Leading people through the 4 stages of change

joshuabrusse.jpgBy Joshua Brusse, Chief Architect, Asia Pacific and Japan, HP Software Professional Services

 

I recently wrote about the importance of understanding and managing the change curves that your stakeholders go through when you undertake any transformation effort. In this post I want to talk about how individuals respond to change.

 

You can find discussions of various change curves in many business and management books. But based on my experience, I’ve found that people move through four quadrants when a change is announced. Everyone goes through the changes, even if the change is perceived as good.

 

For individuals, the change curve is an emotional one. Some people will move through the curve in a split second, and other people take months to go through each part of the curve. And some people never get out of one part of the curve. These responses to change are normal and don’t necessarily signal a lack of willingness. Each step is important and each step will happen. Here are the four stages along with tips for helping people through them.

 

Stage 1: Denial

In the denial quadrant stakeholders are stuck. They will usually feel the change will be bad for them personally and they are afraid to lose the first three “Maslow needs” (Physiological, Safety and Belonging Needs). Denial is usually unconscious; people deny that they are in denial! Yet employees in denial show certain signs:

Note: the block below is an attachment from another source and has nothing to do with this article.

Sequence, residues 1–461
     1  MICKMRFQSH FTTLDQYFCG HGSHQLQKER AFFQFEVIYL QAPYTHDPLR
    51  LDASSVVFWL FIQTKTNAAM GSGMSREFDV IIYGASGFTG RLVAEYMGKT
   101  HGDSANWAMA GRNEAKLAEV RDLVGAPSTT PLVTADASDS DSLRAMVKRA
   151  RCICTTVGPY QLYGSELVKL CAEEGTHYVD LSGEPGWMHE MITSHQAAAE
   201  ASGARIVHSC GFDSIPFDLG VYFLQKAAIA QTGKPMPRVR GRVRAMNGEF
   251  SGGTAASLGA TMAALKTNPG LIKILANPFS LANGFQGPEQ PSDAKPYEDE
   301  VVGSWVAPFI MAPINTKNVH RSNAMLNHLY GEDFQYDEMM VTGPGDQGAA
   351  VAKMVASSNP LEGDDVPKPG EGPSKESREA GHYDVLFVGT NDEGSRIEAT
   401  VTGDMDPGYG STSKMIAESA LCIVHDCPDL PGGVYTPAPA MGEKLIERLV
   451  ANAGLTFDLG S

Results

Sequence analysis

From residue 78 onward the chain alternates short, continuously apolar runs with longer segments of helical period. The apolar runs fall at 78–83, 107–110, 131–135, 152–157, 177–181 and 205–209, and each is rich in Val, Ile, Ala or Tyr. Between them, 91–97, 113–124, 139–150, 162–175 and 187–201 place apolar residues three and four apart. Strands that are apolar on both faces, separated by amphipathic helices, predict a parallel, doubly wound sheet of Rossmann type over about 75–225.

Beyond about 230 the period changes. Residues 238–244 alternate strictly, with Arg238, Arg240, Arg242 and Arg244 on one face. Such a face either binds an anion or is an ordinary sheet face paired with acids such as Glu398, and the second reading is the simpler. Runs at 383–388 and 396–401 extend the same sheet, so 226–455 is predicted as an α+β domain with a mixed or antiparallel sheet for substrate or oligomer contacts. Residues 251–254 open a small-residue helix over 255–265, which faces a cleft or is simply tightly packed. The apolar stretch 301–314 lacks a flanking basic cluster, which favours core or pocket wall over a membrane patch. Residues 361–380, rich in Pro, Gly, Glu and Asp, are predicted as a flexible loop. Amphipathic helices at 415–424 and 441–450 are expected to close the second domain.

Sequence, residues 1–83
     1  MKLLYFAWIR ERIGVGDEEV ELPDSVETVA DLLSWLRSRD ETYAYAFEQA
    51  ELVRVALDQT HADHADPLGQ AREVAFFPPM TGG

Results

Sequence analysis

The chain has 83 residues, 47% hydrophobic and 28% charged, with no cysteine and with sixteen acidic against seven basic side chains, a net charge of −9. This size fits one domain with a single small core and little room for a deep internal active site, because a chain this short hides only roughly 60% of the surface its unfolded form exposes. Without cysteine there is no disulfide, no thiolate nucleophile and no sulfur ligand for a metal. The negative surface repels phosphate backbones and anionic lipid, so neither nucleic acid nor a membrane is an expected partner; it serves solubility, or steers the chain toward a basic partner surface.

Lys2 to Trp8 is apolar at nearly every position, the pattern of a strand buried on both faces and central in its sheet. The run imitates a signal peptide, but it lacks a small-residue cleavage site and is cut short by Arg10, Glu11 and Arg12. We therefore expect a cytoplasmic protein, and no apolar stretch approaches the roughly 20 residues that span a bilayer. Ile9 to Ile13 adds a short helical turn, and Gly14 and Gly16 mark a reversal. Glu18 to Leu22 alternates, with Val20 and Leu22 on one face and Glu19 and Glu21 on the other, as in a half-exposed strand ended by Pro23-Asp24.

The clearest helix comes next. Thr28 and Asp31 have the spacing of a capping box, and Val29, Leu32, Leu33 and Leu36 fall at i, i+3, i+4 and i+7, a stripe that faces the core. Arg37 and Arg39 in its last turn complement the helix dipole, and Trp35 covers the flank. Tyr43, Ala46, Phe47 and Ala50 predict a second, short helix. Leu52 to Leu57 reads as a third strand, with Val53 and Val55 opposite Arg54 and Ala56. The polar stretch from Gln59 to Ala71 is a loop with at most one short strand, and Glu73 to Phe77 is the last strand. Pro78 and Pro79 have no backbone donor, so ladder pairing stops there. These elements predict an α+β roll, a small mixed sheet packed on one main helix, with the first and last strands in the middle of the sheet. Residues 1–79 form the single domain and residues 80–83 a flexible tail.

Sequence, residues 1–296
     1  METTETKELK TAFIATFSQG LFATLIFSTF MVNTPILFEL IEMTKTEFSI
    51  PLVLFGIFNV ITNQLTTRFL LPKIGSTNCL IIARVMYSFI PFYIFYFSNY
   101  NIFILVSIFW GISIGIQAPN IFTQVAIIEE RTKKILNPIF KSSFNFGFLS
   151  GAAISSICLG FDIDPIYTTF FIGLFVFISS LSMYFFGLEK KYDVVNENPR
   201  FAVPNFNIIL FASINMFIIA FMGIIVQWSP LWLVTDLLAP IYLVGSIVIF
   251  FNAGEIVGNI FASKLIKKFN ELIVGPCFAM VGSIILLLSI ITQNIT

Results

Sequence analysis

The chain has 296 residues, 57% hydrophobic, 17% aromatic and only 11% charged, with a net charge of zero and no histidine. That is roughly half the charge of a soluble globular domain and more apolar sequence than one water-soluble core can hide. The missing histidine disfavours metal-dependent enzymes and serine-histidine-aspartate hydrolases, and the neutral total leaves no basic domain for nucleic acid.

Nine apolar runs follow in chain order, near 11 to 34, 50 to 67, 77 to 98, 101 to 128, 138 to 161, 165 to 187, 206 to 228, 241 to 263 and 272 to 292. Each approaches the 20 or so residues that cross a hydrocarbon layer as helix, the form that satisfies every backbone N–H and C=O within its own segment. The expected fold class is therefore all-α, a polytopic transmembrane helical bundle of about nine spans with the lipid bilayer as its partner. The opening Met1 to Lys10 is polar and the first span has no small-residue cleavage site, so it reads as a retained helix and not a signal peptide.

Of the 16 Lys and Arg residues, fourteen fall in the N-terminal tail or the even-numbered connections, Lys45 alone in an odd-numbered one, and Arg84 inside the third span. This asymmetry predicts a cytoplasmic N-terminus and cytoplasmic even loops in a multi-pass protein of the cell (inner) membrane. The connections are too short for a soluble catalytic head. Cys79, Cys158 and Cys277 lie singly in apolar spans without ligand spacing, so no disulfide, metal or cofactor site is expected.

• They don’t engage or participate in discussions
  • They may do things to undermine the change or actively sabotage it
  • They show apathy or they may become preoccupied with other, increasingly bureaucratic matters
  • They don’t understand why the change is necessary: “Everything is going well!”

 

Here’s how to deal with denial:

  • Allow time for the change to sink in
  • Provide information in as many forms as possible and be clear about the drivers for the transformation
  • Anticipate needs for comfort, security and belonging
  • Encourage discussion and any kind of participation
  • Don’t tolerate sabotage; confront stakeholders who aren’t going along with agreed working practices

 

Stage 2: Resistance

Resistance is the next stage. It is VERY important to understand that employees don’t really resist change; they resist loss. They resist the perceived lack of control the change will bring. They resist being consciously incompetent. As a result employees in resistance may :

 

  • Complain rather than try to make the change work
  • Engage in blame, criticism or anger
  • See only what’s wrong

 

Open resistance is actually good; when you hit resistance, inquire! Resistance signals engagement. This quadrant can also be a constructive time for employees to voice their concerns and skepticism about the change, which can be a good reality check for managers.

 

Here are tips for dealing with resistance:

 

  • Listen to people’s feelings and concerns, don’t try to talk them out of it
  • Encourage people to address their concerns and skepticism about the change
  • Encourage them to put their energy into trying to make the change work rather than complaining or doing only what they want to do